In defence of the Potato 2

If a snuggle came in vegetable form it would be a Potato.

Mashed with knoblets of naughty, creamy butter. Fried to a crisp in duck fat, billowy inside and chalky outside. Wrapped in cream and nutmeg and layered in thin slices. They’re all edible snuggles.

It seems quite mean that ‘they’ don’t count potatoes as one of your five-a-day. Some punitive nutritional bean counter deemed them not fit to sit beside swedes and brussel sprouts in the vegetable league tables. Mean. They never feature on 5:2 fasting diet plans either. Again, mean. People on 5:2 could certainly do with a snuggle or two.

In defence of the plainer of the Janes of the veggie patch they are excellent snugglers (as mentioned) but they’re also a fabulous source of potassium and contain more Vitamin C than a large tomato. They have high levels of B6 and a jolly good smattering of iron too.  

It seems odd to think the mainstay of so many European dishes didn’t always live in these soils but migrated from South America in the 16th century. there are in fact now over 80 different varieties of potatoes in the United Kingdom alone. A member of the nightshade family, her relatives are tomatoes and aubergines; also rather late arrivals to the European dinner table.

So to honour a vegetable that has fed and snuggled much of the world’s population across centuries and continents, here’s my recipe for a dill and ginger mini rosti to make the heart sing and the Vitamin C levels soar.


Top with a slice of smoked salmon or some Home cured Gravlax, see my recipe here, and a dollop of lemon creme fraiche.


Dill and ginger Roesti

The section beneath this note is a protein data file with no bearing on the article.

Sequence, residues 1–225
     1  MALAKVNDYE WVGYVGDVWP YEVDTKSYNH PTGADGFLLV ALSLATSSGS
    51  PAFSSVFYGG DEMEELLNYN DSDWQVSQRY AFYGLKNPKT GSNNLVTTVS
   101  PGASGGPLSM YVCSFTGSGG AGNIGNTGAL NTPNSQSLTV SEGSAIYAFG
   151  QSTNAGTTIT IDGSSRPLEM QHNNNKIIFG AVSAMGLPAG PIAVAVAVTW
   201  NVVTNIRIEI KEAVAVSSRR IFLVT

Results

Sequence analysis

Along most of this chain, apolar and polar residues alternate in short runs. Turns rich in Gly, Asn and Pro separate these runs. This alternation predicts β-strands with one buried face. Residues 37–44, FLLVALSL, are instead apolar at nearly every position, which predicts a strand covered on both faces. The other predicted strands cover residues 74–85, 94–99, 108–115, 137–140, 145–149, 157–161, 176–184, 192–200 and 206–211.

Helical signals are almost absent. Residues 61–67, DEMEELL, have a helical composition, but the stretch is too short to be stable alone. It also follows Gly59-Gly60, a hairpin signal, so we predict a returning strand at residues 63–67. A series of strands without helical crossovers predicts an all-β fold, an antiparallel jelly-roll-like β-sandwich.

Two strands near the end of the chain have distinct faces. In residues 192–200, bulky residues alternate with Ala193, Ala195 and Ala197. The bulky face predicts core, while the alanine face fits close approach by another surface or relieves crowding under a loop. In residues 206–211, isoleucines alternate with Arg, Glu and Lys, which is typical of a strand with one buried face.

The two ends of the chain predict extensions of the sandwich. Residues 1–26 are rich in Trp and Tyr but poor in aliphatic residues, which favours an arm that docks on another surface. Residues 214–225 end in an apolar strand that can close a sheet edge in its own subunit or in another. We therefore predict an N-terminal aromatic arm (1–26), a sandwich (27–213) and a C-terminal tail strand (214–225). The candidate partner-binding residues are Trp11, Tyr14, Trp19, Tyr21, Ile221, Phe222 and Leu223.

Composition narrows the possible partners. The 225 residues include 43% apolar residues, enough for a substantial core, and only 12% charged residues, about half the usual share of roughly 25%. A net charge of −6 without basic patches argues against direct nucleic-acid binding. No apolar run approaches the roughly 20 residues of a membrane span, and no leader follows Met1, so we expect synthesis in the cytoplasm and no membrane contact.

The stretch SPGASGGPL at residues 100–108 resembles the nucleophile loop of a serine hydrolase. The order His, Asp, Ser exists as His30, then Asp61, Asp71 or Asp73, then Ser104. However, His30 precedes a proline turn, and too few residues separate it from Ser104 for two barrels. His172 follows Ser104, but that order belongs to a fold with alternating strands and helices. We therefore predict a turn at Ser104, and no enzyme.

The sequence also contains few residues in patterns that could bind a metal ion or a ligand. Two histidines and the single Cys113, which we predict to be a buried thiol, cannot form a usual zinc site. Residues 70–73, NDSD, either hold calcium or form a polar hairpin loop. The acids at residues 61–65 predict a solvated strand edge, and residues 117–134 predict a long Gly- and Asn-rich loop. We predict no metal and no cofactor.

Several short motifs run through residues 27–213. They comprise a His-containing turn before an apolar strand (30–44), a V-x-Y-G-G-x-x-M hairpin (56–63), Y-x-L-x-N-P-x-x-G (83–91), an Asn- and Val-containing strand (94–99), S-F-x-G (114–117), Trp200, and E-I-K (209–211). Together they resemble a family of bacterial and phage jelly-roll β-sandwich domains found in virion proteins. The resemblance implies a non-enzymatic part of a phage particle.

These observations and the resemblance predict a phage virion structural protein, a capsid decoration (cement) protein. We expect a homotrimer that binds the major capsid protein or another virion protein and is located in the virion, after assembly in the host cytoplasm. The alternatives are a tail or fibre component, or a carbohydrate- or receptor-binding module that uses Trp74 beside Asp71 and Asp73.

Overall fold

The ginger is optional, but I find it adds a great zing.  I also throw in some capers, but the dill is not negotiable. 



roesti 1

Not traditional, but I find an egg helps bind things.  Just squeeze all liquid from the mix before frying. 

Dill and Ginger Rosti
Write a review
  1. 3 large 'floury' potatoes like Maris Pipers
  2. 1 onion, grated
  3. 2 Tbs chopped fresh dill
  4. 1 Tbs grated ginger
  5. 1 Egg, lightly beaten
  6. Handful of baby capers
  7. Generous amounts of salt and pepper
  8. Butter and olive oil for frying
  1. Peel and grate the potatoes and onion
  2. Season well as the salt helps draw the moisture out of the mix
  3. Squeeze handfuls of the mix to remove excess moisture
  4. Add remaining ingredients
  5. Form into small discs
  6. Fry in a mix of butter and oil until crisp on the outside and fluffy on the inside.
  7. Top with thin slices of beetroot and horseradish cream or gravlax and lemon creme fraiche
  1. If you find they cook too quickly on the outside and are not completely cooked inside, pop them in the oven on a slow heat for 5-10 minutes.
London From Scratch

Leave a comment

2 thoughts on “In defence of the Potato